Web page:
Hello! Are you a person who loves to read but is often overwhelmed by the task of choosing a new book? Do you have a million open tabs of book recommendation lists? Do you wish you could hire someone to pick your books out for you — is a book concierge even a thing? Do you straight-up love books and want a place to chat about them with fellow discerning, thoughtful, and enthusiastic readers?
Guess what: The BuzzFeed Book Club is probably for you.
Each month, BuzzFeed Books selects one exciting new book for members to read together. We'll chat about these books in the BuzzFeed Book Club Facebook group — where we’ll ask discussion questions, share our opinions, gush and rant about our favorite and least favorite characters, make plot predictions, host Q&As with the authors, and generally drop in random thoughts as we read together.
You’ll get three newsletters a month, full of exclusive content from the authors, highlights from the Facebook group, blurbs from future selections, giveaways, and more.
It’ll be a blast — and it’s free!
This October, we're reading The Index of Self-Destructive Acts by Christopher Beha. Read an excerpt here.
Beha's novel follows Sam Waxworth, a data journalist who gets a cushy job as a columnist after successfully predicting the outcome of the 2008 presidential election. When he's assigned a profile of disgraced opinion columnist Frank Doyle, he's surprised to find he actually likes him, and as he gets to know Frank's family — his wife Kit, whose family-run investment bank is failing; his son, Eddie, who’s just returned from a tour in Iraq; and his daughter, Margo, an academic who’d rather be a poet — his life philosophy that everything can be quantified is challenged. It's a masterful interplay of big, fraught themes of privilege, race, wealth, and ethics. Get your copy.
We asked Christopher to tell us a bit about how the book came to be. Here's what he had to say:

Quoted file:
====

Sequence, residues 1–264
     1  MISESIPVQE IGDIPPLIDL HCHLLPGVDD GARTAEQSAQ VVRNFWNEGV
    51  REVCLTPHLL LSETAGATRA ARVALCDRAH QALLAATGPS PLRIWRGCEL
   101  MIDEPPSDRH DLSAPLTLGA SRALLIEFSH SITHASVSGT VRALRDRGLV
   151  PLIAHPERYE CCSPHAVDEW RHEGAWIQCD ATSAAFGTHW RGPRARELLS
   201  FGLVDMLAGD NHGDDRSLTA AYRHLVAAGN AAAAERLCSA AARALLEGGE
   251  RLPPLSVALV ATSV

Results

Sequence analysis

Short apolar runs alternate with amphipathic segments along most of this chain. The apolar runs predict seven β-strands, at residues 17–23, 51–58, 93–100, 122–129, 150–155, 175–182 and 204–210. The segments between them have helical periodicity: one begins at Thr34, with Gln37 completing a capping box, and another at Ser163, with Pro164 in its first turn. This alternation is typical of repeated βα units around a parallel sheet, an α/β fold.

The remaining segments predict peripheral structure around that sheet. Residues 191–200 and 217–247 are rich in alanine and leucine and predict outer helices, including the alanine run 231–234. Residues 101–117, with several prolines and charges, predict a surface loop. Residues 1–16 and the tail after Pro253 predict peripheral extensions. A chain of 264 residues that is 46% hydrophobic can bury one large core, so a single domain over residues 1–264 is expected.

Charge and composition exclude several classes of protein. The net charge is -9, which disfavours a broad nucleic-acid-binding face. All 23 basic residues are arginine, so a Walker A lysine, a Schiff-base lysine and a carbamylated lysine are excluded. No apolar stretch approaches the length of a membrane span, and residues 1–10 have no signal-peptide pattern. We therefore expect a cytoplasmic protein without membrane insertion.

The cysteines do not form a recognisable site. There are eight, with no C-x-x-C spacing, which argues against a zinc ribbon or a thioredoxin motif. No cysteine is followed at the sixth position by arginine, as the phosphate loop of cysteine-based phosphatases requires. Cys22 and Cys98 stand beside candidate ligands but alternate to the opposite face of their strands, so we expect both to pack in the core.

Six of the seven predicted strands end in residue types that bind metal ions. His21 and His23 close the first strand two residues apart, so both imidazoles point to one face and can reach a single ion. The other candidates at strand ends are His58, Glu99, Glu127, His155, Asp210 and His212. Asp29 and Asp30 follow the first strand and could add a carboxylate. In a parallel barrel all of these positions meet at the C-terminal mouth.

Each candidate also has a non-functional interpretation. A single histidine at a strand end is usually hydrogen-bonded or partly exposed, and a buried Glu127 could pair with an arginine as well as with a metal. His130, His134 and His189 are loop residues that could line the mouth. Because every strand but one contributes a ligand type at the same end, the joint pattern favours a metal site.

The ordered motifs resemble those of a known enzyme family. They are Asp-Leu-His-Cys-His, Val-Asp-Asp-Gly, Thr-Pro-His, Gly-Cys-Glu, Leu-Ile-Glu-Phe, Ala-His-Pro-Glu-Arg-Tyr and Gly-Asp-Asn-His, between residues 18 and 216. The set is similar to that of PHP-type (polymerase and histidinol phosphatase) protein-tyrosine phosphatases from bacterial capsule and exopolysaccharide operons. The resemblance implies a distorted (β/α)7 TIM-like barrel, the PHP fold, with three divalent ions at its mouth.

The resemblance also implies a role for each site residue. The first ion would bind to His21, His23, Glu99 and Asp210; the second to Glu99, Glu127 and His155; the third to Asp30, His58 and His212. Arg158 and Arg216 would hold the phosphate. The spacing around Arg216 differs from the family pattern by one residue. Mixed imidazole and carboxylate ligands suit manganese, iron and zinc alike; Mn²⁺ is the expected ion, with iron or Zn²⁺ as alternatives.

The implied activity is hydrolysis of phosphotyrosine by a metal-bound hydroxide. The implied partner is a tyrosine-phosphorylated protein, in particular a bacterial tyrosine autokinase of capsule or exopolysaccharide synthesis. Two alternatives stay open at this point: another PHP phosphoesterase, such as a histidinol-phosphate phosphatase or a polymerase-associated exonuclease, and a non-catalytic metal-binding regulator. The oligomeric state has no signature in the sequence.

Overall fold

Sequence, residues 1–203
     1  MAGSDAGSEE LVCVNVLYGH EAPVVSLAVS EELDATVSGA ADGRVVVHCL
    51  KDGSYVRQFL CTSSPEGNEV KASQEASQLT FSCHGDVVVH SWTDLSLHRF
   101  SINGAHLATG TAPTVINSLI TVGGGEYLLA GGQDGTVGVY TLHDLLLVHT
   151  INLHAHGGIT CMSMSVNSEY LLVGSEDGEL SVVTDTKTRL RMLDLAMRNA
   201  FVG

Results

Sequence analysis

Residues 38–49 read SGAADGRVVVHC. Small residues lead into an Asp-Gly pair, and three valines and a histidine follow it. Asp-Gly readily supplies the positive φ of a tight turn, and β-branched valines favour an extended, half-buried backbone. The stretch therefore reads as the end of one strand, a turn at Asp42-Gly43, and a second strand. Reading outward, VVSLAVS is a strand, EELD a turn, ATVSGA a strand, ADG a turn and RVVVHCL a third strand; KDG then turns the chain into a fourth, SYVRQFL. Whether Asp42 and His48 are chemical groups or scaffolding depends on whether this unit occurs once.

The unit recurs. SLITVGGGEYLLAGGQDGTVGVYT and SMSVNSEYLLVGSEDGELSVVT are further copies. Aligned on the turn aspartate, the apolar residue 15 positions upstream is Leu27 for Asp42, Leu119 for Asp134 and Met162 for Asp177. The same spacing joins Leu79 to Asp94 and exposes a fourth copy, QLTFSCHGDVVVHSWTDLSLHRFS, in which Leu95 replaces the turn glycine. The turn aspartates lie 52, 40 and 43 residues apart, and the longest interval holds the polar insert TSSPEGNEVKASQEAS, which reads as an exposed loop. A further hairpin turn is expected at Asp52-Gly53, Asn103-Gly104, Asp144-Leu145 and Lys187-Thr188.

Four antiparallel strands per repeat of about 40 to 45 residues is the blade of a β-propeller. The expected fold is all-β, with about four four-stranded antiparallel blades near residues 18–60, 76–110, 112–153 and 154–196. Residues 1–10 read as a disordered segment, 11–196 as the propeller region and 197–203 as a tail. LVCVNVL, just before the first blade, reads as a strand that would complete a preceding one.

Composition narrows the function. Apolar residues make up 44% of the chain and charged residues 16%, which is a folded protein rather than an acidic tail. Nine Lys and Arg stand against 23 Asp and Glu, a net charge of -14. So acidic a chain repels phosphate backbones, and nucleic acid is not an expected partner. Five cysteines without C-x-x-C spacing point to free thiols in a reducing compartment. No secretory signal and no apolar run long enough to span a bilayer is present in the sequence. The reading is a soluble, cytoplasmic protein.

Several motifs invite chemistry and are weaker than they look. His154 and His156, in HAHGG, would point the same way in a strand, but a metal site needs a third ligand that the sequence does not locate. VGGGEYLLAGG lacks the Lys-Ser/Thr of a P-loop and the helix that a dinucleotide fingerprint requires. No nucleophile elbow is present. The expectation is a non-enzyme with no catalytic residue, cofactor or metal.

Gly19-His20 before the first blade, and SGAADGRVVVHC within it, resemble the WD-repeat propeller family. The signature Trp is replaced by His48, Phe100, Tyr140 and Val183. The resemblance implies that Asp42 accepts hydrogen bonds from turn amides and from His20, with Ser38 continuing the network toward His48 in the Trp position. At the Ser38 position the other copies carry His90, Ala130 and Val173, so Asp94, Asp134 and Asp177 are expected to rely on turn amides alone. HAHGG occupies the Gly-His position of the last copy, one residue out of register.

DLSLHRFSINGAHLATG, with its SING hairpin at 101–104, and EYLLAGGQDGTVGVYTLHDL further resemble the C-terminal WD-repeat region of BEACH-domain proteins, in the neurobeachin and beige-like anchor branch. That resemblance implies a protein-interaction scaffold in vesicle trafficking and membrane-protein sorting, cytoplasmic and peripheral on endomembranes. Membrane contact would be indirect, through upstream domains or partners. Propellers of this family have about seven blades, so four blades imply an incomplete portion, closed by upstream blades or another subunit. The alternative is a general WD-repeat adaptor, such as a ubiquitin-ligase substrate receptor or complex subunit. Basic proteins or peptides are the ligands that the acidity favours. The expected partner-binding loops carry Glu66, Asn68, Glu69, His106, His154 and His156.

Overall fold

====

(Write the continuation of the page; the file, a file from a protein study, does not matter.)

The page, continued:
The novel takes place over the course of a few months in 2009, shortly after Obama’s election and the economic crash, and it was actually not long after that time — certainly during Obama’s first term — that I started thinking about writing it. What people have already forgotten about those few months, I think, is the pervasive sense of hopefulness. First of all everyone — really, everyone — was grateful that the Bush years were over. Obama came in to office with an approval rating of almost 70 percent.
At least in some quarters, there was a hope that we might be entering a post-ideological moment. That our divisions are mostly superficial, that we all ultimately want the same things and are reasonable enough to embrace the policies most likely to deliver these things, that society is capable of being rationally managed — these are very seductive ideas, and ones to which our culture inevitably returns. When we do, we always have some reason why this time will be different — we know more now; we have the proper technology; etc. And then we get reminded all over again of the self-destructive impulse that can never be wholly removed from individual humans or human society.
As Kant’s famous expression goes: From the crooked timber of humanity no perfectly straight thing was ever made. We hardly need reminding of the fact right now, but there will come a time when we do again. That’s what made that moment interesting to me.
Sign up below, or click here — and don’t forget to join the Facebook Group! Check out past selections in our Bookshop collection.
Illustrations by Julian Targowski for BuzzFeed.